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What Does a $120 Cheesesteak Have to Do With Your Business

In 2004, Howard Wein moved to Philadelphia to help launch a new restaurant. The goal was to create a new high-end steakhouse. The name they selected was Barclay Prime.

The goal was to create the best steakhouse experience imaginable. Located in a trendy part of downtown Philadelphia the restaurant was designed to create a unique high-end feel. They didn’t use traditional chairs but instead provided plush sofas clustered around marble tables.

The Barclay Prime Resturant

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As you might know, the restaurant landscape is crowded. Restaurants pop up and disappear almost overnight. The success rate is dismal. Even if you create an amazing restaurant that delivers exquisite food and a tremendous atmosphere, you still have to get the word out.

Howard wondered how he might get the word out. How might he stand apart from all the other steakhouses and high-end restaurants in Philadelphia?

He came up with the idea of a $100 cheesesteak.

Now we’re talking Philadelphia here. You can pick up a cheesesteak for a few dollars all over town at sandwich shops, pizzerias, and burger joints.

The hundred dollar cheesesteak couldn’t just be average, so it was loaded with high-end ingredients. Sliced Kobe beef is done to perfection, caramelized onions, heirloom tomatoes, and triple cream Taleggio cheese. They also added black truffles and butter-poached Maine lobster tail. To top it off, it was served with champagne.

Howard felt this was the way to create a sandwich worth talking about. And he was right! The hundred dollar cheesesteak sandwich became a real conversation piece.

Some people thought the sandwich was outrageous. They weren’t his customer, but no matter what they said, they raised awareness of the sandwich and Barkley Prime. Others tried the sandwich and thought it was like eating gold, just much tastier. But the bottom line to the whole enterprise was that people talked. Soon major media outlets began picking up the story of this hundred dollar cheesesteak. It seems all the buzz this amazing sandwich created paid off because Barclay Prime is still in business today.

Today, Barkley Prime’s cheesesteak is priced at $120. And though the ingredients have changed it’s still a conversation piece. Ultimately, people don’t buy what you do, they buy how it makes them feel. A $120 cheesesteak creates feelings. It creates a story that you can tell yourself.

The Barclay Prime $120 Cheesesteak Burger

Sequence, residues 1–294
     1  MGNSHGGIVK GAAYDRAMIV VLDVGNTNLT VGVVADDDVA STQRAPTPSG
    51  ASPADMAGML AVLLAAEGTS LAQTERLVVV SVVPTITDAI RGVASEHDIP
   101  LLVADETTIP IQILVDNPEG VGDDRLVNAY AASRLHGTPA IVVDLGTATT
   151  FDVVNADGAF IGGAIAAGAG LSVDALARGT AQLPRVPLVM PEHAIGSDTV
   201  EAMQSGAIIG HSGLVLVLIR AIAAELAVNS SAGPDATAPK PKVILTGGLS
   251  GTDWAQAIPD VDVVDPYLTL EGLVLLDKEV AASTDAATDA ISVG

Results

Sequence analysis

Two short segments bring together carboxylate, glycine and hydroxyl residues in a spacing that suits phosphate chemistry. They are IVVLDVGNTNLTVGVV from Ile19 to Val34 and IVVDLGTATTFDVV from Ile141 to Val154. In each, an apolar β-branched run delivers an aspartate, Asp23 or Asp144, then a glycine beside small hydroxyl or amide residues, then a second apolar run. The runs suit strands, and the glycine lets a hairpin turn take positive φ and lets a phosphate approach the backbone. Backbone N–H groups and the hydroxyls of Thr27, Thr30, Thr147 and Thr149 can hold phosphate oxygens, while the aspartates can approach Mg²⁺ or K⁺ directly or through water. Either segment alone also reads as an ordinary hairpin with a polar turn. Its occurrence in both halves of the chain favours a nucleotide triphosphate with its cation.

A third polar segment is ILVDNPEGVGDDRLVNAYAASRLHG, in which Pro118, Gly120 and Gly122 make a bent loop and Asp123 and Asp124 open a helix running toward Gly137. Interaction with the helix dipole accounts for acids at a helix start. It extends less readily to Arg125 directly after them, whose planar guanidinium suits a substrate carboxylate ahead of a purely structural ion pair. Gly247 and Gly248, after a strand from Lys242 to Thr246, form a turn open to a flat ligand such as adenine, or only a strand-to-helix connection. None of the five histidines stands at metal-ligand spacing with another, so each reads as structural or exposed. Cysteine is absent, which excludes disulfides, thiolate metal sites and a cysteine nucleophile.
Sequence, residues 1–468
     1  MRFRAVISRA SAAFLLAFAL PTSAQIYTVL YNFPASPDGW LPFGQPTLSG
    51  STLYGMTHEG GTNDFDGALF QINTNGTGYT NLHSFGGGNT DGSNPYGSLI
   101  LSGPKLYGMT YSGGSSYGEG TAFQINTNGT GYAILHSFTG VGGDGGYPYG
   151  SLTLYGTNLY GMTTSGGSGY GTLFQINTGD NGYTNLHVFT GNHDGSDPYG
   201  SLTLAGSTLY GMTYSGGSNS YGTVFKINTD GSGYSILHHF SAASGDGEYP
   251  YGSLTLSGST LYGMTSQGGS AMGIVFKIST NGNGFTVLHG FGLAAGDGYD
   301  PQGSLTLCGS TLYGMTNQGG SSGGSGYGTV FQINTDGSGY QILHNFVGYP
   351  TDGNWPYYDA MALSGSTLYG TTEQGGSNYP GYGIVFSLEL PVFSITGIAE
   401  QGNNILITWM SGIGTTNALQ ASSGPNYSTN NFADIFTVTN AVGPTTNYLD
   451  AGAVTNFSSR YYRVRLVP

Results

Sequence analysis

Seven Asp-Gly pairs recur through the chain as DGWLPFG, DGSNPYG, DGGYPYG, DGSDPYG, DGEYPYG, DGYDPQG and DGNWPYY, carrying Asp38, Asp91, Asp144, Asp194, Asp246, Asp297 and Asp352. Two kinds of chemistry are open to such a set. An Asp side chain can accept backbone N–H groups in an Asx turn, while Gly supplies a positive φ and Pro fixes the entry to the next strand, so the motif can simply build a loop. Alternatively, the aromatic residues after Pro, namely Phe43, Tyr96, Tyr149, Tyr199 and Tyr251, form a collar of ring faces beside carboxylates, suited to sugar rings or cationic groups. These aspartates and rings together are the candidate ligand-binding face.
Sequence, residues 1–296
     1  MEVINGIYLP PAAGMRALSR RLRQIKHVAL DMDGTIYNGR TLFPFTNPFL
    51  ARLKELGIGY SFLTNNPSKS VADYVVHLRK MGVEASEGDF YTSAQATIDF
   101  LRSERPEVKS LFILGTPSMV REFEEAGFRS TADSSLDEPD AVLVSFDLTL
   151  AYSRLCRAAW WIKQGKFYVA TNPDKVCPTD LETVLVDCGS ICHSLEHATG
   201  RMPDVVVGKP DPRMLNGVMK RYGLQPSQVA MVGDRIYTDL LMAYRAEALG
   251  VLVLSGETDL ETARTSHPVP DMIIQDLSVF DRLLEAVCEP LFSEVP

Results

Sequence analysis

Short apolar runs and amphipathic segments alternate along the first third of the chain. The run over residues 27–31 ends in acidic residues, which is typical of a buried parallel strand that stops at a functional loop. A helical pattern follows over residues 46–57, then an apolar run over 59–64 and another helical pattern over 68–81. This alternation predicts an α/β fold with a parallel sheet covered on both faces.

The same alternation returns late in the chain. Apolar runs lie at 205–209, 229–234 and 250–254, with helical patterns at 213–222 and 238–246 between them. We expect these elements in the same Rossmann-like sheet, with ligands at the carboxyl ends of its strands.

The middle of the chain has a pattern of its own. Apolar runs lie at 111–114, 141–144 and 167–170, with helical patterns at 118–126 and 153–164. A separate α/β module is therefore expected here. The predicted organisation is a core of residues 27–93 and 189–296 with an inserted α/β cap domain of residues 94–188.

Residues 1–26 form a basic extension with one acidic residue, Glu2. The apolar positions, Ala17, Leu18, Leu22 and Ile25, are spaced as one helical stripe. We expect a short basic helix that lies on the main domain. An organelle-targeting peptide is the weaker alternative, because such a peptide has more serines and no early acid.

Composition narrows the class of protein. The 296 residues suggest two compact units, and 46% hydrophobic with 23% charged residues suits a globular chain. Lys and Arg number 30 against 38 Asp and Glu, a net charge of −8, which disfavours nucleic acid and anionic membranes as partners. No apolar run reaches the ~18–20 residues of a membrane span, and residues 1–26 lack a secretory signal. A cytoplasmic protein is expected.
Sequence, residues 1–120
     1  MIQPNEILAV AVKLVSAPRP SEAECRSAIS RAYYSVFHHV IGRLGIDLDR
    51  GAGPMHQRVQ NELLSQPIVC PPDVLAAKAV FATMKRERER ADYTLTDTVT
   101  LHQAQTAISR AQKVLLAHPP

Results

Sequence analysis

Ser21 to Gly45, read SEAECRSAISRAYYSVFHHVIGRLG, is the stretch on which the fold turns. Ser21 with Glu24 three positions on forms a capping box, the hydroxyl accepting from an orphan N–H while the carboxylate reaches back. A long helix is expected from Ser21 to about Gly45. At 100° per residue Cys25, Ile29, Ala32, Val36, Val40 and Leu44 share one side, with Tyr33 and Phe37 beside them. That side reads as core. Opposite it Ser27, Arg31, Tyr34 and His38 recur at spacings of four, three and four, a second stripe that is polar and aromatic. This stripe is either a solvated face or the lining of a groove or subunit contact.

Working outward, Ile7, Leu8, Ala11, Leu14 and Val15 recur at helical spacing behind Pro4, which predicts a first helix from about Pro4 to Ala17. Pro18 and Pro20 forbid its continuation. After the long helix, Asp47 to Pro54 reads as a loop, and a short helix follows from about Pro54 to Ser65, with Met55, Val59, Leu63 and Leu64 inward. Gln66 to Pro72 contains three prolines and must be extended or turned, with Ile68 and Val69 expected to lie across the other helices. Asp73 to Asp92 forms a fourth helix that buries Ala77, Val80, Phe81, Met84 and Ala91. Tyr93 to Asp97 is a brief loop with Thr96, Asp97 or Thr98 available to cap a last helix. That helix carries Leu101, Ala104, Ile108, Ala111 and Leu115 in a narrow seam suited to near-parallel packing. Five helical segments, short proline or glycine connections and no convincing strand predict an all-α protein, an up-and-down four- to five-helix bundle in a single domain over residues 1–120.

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When you put $120 price tag on a cheesesteak it’s not just about the sandwich anymore. It’s about the experience and the feelings that it generates for you. What value do you place on that?

The value of your product or service is not the price you charge. What determines the value of your service or product? It’s the value that it adds to your customer’s life. It’s the story and feelings that they experience which determine the value.

When people make a purchase they’re ultimately buying a feeling. A few of these feelings include peace of mind, belonging, exclusivity, freedom, fun, happiness, and success.

Sometimes the price you charge tells a story. It can be a way to differentiate yourself in a crowded market space.

In 2001, Justin Gignac heard someone say that product packaging design didn’t matter. He decided to try an experiment to see if he could prove that statement wrong.

After a few weeks, Justin had an idea. He headed out into the streets of New York with some rubber gloves to collect some trash. After collecting it, he placed it in a clear plastic cube. He signed and dated each one and then wrote a label which said, Garbage of New York City. 100% authentic. Handpicked from the fertile streets of NY, NY.

Yankees Parade Garbage • 4

Justin took his new product to the streets of New York. He put a price of $10 on each cube. On the first day, he was about to give up hope of selling any when someone who appeared to be a tourist made a purchase.

Justin kept going out and selling his cubes. Gradually demand increased. Justin raised his prices in order to reduce demand for the cubes. Even at $50 a cube they kept selling! He even created special edition $100 cubes to commemorate President Obama’s inauguration.

Once Justin raised the price of the cubes to $50 people, begin to see them not just as souvenirs but as art.

Justin’s customers felt that they were getting something special, something exclusive. It was just a cube with trash from New York City, but because it meant something to people it had value.

In what area of your business might you be able to add more value to your customers or clients?

What’s ordinary about your business that you could make special–like taking New York City trash and turning it into art?

What area of your business could you dress up and charge more for–like taking a cheesesteak sandwich, dressing it up and charging a lot?

There are usually several opportunities just waiting to be discovered. All you have to do is start looking for those opportunities.

AN insight worth sharing?

Trevor Wilson

Trevor Wilson

I love helping business owners who are passionate about making a positive difference in their clients' lives. I'm a passionate learner and teacher. My purpose is to help people live a more fulfilled life. In my professional life, I love helping business owners get clear on their purpose and identity. Then I help them clearly communicate their story so they can attract their ideal clients. I do this because I believe that when you work with your ideal clients you'll live a more fulfilled life.

Successful people do what everyone else won't dare to do. Don't wish it were easier; make yourself better.